Kaley writes... "I love taking pictures and I'm good with animals so I thought I would start taking pictures of pets for people, so they could have nice pictures on their computers or even get prints made. My camera has a popup flash but it always gives red eyes and the pictures don't look nice. I saw on YouTube that professionals use studio lights. I didn't get what the guy was saying and I don't have a lot of money to spend because I am starting out. The guy at "local store" told me to get a flash setup, but by the time he was done it was like a thousand dollars and really heavy. I left and went back a couple of days later and a different person told me just to use LED video lights because they won't scare the pets. That made sense but when he showed me some, the shadows were really deep and I don't think the pictures would look good. They were really expensive too. I want to see if I can make money at this, not spend a lot of money. What do you think?"
This is a really good question that Kaley is asking, and very timely because continuous lighting has come a very long way.
To start, we are really talking about the difference between flash and continuous light. Flash brings lots of power and you can add modifiers pretty easily to soften the light. While a flash meter is ideal, with digital you can bang away for a few shots until you get the exposure you like. Continuous light has less power, usually a lot less power, but has the wonderful advantage that you can see what the light looks like right through the viewfinder or on the LCD and your reflected light meter in your camera is going to get the exposure pretty close to ideal without any guesswork.
I want to stick to low cost options since that is a key deliverable for Kaley. Pets can be, and often are, startled by the big pop of a flash unit. Cats in particular have very sensitive eyes, and since most cats keep people around as a source for food only, they are just like super models and tend to disappear when annoyed. Dogs are better with flash in general, and that's about where my experience photographing pets ends.
In the flash world, you need a couple of hot shoe flash units of decent but not blinding power, a couple of modifiers, stands and clamps. If your camera can control the external flashes using the popup (many Nikons support the Creative Lighting System and many Canons support Canon's flash control system) then you can control the two flashes from the camera and use the vendor's TTL for through the lens flash metering. Consumer level DSLRs and many Compact System Cameras cannot do this, so then you need to experiment with the flashes on manual and using slaves and triggers to get the flashes to fire. If this sounds complicated, it actually is until you've practiced a bit.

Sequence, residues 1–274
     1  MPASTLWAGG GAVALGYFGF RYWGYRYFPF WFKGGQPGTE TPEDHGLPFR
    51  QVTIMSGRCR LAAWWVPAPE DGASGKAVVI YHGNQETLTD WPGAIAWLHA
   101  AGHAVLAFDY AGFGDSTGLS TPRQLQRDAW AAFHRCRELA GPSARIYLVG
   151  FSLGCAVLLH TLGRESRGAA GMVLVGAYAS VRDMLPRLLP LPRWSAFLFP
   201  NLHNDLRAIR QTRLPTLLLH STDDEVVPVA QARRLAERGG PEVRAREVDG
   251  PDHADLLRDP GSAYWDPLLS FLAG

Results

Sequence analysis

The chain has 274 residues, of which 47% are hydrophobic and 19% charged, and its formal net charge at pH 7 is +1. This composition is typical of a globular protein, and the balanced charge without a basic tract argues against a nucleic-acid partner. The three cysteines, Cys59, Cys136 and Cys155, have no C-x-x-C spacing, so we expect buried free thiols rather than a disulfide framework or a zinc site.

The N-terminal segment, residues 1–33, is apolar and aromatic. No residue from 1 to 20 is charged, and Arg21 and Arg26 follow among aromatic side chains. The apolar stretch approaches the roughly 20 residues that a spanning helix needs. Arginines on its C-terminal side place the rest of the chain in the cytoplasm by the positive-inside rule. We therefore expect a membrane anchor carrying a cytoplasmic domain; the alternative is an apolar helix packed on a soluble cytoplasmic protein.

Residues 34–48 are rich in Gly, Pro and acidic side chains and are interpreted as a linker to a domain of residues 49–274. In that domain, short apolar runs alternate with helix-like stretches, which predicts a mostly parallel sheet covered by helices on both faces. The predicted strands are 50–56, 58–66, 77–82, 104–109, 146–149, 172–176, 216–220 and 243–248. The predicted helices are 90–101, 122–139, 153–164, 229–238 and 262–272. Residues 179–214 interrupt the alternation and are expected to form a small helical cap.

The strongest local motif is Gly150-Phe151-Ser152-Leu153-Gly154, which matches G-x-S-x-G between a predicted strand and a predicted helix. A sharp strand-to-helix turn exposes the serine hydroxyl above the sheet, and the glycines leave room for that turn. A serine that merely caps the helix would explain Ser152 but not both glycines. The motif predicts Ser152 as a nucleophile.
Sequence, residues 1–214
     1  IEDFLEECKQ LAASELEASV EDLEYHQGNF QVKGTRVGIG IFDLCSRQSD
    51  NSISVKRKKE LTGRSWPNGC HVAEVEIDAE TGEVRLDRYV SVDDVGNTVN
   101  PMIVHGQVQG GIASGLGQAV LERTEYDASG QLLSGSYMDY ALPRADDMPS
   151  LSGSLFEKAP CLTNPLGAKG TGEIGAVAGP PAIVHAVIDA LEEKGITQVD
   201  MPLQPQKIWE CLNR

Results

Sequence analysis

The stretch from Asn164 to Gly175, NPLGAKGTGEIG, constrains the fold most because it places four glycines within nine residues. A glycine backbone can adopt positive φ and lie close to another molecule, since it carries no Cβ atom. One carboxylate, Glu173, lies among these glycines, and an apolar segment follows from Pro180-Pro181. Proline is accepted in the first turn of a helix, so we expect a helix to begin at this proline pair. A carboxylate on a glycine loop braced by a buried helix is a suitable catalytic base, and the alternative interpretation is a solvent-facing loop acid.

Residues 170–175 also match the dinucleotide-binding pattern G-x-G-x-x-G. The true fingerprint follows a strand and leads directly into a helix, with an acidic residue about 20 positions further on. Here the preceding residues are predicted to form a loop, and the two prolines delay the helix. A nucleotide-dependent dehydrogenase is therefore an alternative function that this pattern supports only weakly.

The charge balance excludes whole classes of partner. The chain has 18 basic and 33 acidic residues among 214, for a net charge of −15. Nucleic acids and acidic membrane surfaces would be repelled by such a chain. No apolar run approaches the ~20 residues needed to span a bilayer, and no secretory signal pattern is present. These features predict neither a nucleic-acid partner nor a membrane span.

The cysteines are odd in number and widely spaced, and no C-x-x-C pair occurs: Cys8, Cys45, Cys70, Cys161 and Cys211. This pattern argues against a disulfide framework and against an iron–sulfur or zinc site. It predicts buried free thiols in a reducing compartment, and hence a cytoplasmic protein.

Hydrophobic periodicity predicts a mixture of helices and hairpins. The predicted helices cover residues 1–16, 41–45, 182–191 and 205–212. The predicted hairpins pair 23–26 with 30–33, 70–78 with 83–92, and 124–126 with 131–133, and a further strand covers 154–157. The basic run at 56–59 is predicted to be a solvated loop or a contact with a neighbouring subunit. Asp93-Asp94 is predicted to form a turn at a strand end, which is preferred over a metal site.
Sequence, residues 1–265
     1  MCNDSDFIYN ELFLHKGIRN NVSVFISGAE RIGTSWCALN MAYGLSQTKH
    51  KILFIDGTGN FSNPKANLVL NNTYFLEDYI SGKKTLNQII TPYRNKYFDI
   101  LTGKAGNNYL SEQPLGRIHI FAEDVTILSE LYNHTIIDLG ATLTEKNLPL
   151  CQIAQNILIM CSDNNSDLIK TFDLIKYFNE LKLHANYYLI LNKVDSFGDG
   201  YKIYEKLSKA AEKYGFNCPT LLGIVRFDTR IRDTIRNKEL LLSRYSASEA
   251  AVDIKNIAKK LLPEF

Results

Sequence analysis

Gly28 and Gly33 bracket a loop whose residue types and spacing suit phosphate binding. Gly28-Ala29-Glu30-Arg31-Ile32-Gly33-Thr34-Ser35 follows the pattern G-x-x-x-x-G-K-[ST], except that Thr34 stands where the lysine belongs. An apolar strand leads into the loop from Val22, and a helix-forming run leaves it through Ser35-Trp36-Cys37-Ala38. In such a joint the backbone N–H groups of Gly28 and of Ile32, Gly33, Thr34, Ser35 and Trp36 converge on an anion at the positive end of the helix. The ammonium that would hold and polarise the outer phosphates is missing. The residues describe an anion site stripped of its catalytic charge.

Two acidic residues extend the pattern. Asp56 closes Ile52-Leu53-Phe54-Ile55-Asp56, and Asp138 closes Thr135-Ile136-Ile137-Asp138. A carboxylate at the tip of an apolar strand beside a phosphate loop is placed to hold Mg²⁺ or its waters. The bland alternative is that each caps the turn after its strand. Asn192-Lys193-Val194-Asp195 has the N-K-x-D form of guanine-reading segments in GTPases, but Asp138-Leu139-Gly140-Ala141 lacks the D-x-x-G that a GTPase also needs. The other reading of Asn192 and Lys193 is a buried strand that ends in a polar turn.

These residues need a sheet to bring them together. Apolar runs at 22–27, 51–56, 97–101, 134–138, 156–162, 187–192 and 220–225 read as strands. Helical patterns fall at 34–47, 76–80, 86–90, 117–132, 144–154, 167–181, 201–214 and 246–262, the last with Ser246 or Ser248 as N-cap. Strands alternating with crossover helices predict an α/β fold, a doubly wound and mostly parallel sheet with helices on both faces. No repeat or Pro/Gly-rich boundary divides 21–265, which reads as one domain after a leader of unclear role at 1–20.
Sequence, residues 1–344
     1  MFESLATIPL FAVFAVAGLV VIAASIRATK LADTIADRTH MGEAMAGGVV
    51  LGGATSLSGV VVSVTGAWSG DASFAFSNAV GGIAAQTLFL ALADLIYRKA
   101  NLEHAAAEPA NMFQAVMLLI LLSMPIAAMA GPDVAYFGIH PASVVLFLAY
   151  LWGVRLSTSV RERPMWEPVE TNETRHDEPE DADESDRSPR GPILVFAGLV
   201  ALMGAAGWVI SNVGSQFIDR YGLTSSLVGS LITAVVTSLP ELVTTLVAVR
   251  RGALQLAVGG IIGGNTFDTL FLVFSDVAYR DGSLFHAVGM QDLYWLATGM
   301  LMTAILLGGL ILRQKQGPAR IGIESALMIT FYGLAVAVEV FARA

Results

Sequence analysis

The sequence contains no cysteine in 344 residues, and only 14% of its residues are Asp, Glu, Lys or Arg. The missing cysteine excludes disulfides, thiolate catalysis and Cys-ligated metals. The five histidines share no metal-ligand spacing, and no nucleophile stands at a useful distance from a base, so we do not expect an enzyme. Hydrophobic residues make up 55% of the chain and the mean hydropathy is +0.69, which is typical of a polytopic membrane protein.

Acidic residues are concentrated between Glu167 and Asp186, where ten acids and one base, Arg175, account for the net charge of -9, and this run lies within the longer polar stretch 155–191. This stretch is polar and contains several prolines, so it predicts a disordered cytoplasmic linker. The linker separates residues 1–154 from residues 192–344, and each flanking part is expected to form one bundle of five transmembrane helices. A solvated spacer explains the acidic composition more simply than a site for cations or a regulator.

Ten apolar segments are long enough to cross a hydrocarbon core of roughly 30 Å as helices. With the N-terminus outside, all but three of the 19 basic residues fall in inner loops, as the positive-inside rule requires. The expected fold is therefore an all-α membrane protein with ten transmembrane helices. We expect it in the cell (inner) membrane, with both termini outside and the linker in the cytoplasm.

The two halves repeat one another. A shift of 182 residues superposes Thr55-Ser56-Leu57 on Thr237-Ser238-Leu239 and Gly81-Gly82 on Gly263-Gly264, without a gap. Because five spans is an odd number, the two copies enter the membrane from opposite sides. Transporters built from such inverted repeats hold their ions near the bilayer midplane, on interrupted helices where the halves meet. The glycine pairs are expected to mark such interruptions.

For Kaley's purpose and in many cases for people as well, I am really liking using continuous lighting systems. They're easy to set up and the entry kits come very complete. Something like the Erin Manning kit sold widely has two softboxes, two stands, two lamp holders and two big 5500K daylight compact fluorescents. They run cool and last a really long time. Setting up is no harder than flash but you get to good exposures very quickly if you are not a flash expert. No worries about sync speeds and cabling and radio triggers and...ok I'm getting a headache. Westcott just released the Skylite which is a continuous LED light that takes Bowens modifiers and is pretty soft out of the box. It has power control and is really nice but it's price is about four times what it should be. For pets and a couple of people, the Erin Manning kit is ideal. The only downside is that despite being like 500w lamps in brightness, the bulbs don't put out anywhere near the power that a big flash will. Move the lights in as close as you can without being in frame and use a mid ISO like ISO 400. This will give you enough depth of field and decent shutter speeds. Today's continuous lights do not get very hot and they last a long time. You can get started for around $400 for a kit such as I describe.
It is possible to use the sort of multi-LED portable video lights that are on the market but they tend to be small and don't have diffusers so the light tends to be harsh. Some people put a plain white shower curtain in front of them to soften and spread the light. It works surprisingly well, but the shower curtain can be awkward. Direct video lights are not that good for portraits and may annoy animals.
Kaley did not mention it but she will need some kind of a background for the shots. There are all kinds of background stand kits you can get that work well. Animals are one of those situations where you will need the background to flow from behind onto the floor. There are painted and dyed muslins that you can get pretty cheap, but the dyes tend to run and the material is a wrinkle fest. Paper rolls tend to work better, since you can just tear off anything that gets wrecked. And it will get wrecked. Covered in hair, scratches, "accidents", paper is cheap. Go with a neutral background so as not to take attention away from the subject and fill the frame. Savage has recently released some very neat "floor" backgrounds that could work since the pet tends to be lying or sitting down on something. Cats may sit on stools, dogs may not.
That's about it. If you are looking for quick and relatively inexpensive, it's pretty hard to beat simple continuous lighting systems. Thanks for reading.
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